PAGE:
Memories of the 1965 Typhoon Kompasu came rushing back as I watched Mother Nature’s disaster unfolding in New York and New Jersey. I remember clinging to a mattress, huddled with my young sons, and fearing this was the end for us all. It was said that “the storms eye was over Nago on Okinawa” . . . “with sustained winds of 90 miles per hour”. The category 2 typhoon was heading our way; an island that was barely 15 miles wide and about 45 miles long. The anxiety I felt was indescribable! I had no knowledge of hurricanes or typhoons, being brought up in land-locked Colorado. That was an education in Mother Nature’s fury that I never wanted to experience again.
It’s one thing to be in the midst of a catastrophic event like Hurricane Sandy, but quite another when the storm has passed. I don’t think anyone can ever be prepared for the aftermath. Seeing boats tossed onto highways, buildings reduced to rubble and landmarks moved hundreds if not thousands of feet in a helter skelter way is surreal. There are moments, and many of them, when you feel you are in a dream; that what you are seeing is not real. Unfortunately the dream quickly turns to reality.
Recovering from disasters is simply not an overnight fix … people’s lives are shattered, many are displaced, homes and businesses have to be repaired or rebuilt, and no matter where these disasters occur or who is affected, resources have a way of being tangled up at the onset.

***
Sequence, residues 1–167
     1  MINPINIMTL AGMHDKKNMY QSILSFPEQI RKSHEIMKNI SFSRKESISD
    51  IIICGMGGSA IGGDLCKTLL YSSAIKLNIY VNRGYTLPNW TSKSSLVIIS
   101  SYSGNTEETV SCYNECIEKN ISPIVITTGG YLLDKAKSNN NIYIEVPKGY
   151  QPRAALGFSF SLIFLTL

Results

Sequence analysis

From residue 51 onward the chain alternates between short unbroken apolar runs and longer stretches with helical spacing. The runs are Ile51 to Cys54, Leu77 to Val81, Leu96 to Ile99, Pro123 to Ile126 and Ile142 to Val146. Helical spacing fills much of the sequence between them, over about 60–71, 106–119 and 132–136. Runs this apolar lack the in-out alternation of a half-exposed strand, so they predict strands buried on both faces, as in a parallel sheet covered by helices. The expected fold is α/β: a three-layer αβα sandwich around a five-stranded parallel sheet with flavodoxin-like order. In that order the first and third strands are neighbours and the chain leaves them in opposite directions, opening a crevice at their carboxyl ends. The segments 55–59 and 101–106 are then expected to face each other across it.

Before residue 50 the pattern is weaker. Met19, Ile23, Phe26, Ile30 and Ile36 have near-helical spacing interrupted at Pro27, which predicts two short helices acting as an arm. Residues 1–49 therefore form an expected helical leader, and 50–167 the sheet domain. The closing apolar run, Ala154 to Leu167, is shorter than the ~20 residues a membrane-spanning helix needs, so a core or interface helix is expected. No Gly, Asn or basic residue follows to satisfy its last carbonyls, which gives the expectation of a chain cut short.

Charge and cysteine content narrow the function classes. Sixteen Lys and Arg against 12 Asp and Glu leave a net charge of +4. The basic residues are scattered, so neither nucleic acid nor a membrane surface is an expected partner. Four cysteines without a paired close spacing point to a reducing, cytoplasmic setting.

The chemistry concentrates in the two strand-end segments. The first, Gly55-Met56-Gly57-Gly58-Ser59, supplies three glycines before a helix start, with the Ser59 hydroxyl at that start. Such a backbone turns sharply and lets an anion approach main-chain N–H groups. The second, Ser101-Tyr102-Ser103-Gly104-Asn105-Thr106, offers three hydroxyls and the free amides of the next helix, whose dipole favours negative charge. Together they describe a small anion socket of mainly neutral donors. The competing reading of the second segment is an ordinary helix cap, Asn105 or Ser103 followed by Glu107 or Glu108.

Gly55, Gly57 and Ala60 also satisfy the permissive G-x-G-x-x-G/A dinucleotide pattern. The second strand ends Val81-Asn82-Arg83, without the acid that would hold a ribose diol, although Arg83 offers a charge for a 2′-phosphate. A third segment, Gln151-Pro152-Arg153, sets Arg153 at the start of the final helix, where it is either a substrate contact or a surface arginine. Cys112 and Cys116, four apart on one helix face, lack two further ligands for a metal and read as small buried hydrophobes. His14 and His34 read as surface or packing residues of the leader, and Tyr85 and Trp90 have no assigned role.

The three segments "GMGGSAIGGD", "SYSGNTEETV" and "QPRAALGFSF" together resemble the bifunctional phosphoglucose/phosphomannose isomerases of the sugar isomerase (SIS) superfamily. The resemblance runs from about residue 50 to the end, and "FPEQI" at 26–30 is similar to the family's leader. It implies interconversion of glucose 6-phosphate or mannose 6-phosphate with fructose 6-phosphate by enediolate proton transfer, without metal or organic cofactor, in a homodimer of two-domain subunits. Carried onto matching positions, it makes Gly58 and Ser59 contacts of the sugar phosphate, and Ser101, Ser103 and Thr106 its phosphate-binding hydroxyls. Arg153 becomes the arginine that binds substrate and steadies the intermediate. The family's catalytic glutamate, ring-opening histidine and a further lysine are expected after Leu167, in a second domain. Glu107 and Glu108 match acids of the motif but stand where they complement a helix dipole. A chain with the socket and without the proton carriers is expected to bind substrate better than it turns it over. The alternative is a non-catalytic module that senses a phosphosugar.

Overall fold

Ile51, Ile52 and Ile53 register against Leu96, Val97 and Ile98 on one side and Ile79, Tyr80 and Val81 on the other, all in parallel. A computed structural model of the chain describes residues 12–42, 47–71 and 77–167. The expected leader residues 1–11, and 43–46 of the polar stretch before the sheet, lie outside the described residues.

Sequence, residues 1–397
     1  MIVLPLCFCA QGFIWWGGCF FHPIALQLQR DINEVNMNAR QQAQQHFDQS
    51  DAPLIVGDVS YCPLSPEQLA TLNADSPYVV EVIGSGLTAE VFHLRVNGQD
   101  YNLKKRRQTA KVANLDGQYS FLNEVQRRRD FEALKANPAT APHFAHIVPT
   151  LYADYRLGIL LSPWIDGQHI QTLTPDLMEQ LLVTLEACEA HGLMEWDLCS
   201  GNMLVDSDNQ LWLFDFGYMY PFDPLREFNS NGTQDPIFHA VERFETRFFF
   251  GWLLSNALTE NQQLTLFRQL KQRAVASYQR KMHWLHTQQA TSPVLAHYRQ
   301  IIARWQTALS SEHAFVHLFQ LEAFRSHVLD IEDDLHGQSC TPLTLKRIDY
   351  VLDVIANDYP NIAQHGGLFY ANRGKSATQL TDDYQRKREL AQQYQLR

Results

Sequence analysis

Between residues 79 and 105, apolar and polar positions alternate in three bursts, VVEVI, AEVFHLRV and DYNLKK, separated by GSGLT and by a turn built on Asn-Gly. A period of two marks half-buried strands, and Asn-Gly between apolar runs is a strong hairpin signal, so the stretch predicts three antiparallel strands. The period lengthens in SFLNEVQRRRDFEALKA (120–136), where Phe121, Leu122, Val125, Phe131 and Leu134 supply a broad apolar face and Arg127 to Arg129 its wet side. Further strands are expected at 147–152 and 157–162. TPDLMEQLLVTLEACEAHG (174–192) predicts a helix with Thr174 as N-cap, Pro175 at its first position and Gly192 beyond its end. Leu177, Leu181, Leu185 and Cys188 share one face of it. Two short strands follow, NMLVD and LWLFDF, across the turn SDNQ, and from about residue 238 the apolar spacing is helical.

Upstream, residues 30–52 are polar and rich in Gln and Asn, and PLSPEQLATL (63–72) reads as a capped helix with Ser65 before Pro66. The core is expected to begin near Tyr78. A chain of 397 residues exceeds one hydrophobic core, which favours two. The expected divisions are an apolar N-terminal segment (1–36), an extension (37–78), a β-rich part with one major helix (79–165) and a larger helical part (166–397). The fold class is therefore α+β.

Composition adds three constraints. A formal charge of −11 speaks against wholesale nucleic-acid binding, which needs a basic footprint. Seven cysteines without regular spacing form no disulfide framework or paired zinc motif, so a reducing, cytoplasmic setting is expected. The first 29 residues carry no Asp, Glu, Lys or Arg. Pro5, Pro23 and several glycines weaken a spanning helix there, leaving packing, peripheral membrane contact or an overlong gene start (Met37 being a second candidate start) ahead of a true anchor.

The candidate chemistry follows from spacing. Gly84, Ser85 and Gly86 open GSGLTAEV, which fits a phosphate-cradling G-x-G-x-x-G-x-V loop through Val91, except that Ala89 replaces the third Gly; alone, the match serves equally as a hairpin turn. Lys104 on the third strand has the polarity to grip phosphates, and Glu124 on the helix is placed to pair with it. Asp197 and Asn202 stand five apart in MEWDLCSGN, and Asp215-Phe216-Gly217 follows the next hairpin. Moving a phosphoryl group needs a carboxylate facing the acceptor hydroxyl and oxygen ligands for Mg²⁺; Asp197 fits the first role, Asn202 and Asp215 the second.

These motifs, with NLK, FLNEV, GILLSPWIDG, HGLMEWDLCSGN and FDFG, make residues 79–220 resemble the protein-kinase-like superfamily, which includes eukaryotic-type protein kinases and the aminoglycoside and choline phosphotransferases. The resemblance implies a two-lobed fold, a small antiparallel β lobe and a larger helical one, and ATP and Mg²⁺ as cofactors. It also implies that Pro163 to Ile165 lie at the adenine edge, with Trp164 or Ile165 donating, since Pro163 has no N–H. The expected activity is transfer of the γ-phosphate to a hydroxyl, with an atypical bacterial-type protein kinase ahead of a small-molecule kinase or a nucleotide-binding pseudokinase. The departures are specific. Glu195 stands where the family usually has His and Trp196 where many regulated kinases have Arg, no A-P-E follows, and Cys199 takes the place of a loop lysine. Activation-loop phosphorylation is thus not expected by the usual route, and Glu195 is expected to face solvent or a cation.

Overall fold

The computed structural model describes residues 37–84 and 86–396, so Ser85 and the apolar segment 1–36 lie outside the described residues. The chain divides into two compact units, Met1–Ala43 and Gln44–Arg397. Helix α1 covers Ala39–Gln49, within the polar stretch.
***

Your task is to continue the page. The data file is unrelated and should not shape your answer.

Our hospitality family wishes to extend our sympathy to those who were hurt or lost loved ones, and our hearts go out to all whose lives and livelihood were affected by Hurricane Sandy. A big thank you, also, to the many heroes in this tragedy helping to lighten the load and providing a shoulder to lean on when it is needed most.
Rebuilding is a mammoth task, even if it is just replacing a few grains of sand, but the human spirit is resilient, and those affected will persevere . . . . “out of the ashes rose the Phoenix” and all will be looking for that rainbow now that the storm has passed!
The Phoenix represents many things: the city of Atlanta’s rebirth from destruction; the Amerian Chemical Society’s logo as a symbolism for change; representation of a new Europe with Belgium’s coin of Peace (depicted in the photo, Wikimedia image) and no doubt a renewed spirit in the rebuilding of those areas suffering destruction from Hurricane Sandy.